Important Recent Changes That Affect Stock Compensation Reporting

The 2015 version of IRS Form 1099-B, which brokers issue for stock sales made during the tax year, closely resembles the version for the 2014 tax year. However, the 2014 version introduced some major changes that you should continue to keep in mind when reviewing your 1099-B and the substitute statement that your broker provides for stock sales in 2015 (see the discussion below and a related FAQ).

  • Among the changes in Form 1099-B last year: The all-important cost-basis information is now in Box 1e instead of the previous Box 3. Also, for grants made in 2014 and later years, brokers are prohibited from including equity compensation income (which appears on Form W-2) in the cost basis reported on Form 1099-B.
  • IRS Form 8949 and Schedule D, which you complete by using information on Form 1099-B if you sold company stock or other securities, were revised in recent years. The versions of the forms for the 2015 tax year, to be filed in 2016, are similar to last year's versions. The columns on Form 8949 now match up with the boxes on Form 1099-B.
  • If the basis reported to the IRS is correct on Form 1099-B and does not need any adjustment, the IRS now lets you skip Form 8949 and report the sale only on Schedule D. Usually, however, with stock compensation either the reported basis is too low or the box on the form is blank (see the related FAQ). Even if the basis has been correctly reported, it may be simpler for your recordkeeping to list all of your securities sales together on Form 8949.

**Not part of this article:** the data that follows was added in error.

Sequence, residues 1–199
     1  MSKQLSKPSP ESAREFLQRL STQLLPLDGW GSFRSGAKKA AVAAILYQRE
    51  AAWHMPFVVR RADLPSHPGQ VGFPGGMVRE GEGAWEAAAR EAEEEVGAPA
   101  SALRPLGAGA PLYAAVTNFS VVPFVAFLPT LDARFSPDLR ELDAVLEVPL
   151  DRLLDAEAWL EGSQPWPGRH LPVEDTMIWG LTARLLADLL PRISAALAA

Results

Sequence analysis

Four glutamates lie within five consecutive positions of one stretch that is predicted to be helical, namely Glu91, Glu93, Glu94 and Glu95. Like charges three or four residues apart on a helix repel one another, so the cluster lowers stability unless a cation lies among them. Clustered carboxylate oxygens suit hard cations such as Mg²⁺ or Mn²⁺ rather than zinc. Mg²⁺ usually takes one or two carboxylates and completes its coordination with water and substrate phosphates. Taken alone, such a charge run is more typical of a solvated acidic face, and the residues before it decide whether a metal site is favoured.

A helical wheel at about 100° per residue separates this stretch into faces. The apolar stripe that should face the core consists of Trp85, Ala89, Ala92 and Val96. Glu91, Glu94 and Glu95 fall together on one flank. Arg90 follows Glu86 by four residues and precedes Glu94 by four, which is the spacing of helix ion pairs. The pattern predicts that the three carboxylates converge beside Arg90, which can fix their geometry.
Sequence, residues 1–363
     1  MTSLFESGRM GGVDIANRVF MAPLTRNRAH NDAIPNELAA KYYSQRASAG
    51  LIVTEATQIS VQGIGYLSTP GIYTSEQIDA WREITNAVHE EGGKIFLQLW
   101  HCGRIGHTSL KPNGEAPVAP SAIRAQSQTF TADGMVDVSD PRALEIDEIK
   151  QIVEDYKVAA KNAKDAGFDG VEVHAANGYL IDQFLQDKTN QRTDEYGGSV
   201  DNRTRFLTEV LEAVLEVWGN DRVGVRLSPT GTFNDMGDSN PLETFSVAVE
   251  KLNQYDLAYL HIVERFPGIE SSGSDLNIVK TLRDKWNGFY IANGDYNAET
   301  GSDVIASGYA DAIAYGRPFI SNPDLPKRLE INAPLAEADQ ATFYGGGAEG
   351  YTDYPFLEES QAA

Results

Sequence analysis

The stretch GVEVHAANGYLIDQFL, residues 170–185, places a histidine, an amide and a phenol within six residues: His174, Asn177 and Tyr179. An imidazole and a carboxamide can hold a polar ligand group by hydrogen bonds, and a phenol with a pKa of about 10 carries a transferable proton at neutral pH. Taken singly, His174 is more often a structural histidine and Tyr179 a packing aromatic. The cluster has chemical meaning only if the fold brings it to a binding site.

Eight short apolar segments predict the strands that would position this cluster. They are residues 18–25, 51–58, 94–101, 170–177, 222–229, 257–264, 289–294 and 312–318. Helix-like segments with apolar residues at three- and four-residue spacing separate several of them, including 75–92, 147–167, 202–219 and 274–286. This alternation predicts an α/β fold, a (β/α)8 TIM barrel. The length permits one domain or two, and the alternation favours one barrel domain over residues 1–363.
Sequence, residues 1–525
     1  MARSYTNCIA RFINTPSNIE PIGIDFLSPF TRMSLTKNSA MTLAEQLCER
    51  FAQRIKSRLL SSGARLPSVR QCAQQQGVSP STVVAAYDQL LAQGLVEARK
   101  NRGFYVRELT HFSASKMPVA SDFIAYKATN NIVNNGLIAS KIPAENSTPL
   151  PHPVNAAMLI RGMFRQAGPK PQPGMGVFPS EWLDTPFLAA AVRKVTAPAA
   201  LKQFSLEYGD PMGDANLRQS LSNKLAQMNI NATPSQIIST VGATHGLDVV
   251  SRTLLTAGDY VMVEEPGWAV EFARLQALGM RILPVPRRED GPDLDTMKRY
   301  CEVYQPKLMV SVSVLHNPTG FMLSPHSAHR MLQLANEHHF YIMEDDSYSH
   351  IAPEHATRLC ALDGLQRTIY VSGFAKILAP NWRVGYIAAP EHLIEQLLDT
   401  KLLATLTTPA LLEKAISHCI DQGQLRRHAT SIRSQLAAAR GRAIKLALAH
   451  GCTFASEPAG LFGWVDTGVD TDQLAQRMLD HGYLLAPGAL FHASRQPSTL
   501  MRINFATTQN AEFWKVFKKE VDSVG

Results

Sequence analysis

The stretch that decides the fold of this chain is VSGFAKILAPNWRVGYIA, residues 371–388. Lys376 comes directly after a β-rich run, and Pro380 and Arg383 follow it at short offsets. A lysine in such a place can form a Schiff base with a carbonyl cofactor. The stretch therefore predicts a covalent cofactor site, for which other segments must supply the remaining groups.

Alert: See whether your broker has any supplemental information and tax guides that can help you understand the cost-basis reporting and adjustments needed on Form 8949.

Resources For Tax Season

For guidance on the tax-return reporting for sales of shares acquired through stock compensation, including annotated diagrams of Form 8949 and Schedule D, see the section Reporting Company Stock Sales in our Tax Center. Elsewhere in the Tax Center, another section gathers our popular annotated diagrams of Form W-2. These can help you make sense of Form W-2 (which companies issue in January) when the reporting on the form includes income you received from stock options, restricted stock/RSUs, or employee stock purchase plans.

If you exercised ISOs last year, your company will send you Form 3921. If you purchased shares through an ESPP during the year, your company will send you Form 3922. Employers send these forms in January. We have articles and FAQs with annotated diagrams of Form 3921 and Form 3922 that can help you understand these documents.

If you participate in a nonqualified deferred compensation (NQDC) plan, see myNQDC.com for educational guidance on tax-return reporting.

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Articles, Annotated Diagrams, Videos, And Podcasts On Tax Returns With Stock Compensation

The list below summarizes our exclusive articles, FAQs, diagrams, videos, and podcasts on tax-return topics relating to stock compensation.

FORM 8949 AND SCH. D DIAGRAMS: How To Report Sales Of Company Stock
Learn how to report your sales of company stock on Form 8949 and Schedule D of IRS Form 1040. Our comprehensive guide to tax-return reporting features our annually popular FAQs with annotated diagrams of the IRS forms. Covered topics include sales of stock from nonqualified stock options, incentive stock options, restricted stock, restricted stock units, performance shares, employee stock purchase plans, and stock appreciation rights.

ARTICLE: 12 Tax-Return Mistakes To Avoid With Stock Options And ESPPs
Puzzled by your W-2 or 1099-B? Don't know how and where to report sales of company stock on your tax return? Learn insightful tips to avoid errors that can prove costly!